The Mi’kmaq, Maliseet (Wolastoqiyik), and Passamaquoddy peoples of what would become New Brunswick did not have a culture of writing, meaning that they relied on oral storytelling rather than systems of lettering to preserve their knowledge and history. In cultures of writing, knowledge becomes material, and materiality is attributed to the individual who owns or shapes it. In oral cultures, such as those of the First Nations of New Brunswick, there is no such concept of authorship. Stories are communal and passed from one generation to the next to ensure their preservation.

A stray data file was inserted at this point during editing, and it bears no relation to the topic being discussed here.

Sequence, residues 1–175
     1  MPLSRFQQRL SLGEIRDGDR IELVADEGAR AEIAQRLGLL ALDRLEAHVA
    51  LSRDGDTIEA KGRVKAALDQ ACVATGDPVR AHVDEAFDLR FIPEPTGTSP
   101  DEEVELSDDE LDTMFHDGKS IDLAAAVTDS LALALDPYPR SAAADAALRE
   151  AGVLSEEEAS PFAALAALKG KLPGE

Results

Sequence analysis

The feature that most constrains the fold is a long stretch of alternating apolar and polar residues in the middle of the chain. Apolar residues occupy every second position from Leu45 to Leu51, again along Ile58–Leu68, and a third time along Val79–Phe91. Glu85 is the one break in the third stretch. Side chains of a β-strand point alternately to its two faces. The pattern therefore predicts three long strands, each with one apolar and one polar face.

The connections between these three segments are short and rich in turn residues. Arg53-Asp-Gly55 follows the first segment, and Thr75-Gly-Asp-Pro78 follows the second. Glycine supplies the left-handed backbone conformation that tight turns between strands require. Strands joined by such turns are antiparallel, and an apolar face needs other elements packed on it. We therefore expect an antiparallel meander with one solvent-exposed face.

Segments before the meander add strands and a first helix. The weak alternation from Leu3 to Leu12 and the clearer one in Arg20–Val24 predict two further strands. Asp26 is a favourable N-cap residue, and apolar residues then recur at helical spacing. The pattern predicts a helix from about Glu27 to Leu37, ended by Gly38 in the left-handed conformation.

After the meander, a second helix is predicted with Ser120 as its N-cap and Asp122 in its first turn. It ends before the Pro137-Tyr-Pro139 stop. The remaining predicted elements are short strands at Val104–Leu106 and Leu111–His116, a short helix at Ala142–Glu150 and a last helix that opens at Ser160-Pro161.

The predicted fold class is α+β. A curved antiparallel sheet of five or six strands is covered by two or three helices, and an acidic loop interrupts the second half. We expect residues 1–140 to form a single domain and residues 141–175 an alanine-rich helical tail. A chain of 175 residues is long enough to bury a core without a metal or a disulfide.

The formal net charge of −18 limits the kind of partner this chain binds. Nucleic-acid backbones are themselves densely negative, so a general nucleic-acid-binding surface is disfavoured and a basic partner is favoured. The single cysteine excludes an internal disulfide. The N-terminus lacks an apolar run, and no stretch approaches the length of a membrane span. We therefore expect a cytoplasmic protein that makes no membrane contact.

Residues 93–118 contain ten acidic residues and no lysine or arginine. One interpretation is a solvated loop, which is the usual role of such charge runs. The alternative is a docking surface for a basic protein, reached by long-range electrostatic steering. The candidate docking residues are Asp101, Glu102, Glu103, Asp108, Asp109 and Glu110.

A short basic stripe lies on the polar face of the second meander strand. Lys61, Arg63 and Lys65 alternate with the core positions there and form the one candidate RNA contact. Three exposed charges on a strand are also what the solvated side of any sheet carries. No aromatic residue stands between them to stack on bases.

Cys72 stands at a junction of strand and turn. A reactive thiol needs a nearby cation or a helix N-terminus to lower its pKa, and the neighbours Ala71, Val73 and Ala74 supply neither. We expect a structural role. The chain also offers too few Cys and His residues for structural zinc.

For the full Author Page on the Mi'kmaq, click here.


The linked Author Page contains the Mi'kmaq story "Glooscap and His Four Visitors," as well as the Maliseet story "How the Mohawk War Party Was Drowned" and the Passamaquoddy story "How the Wabanaki Confederacy Began."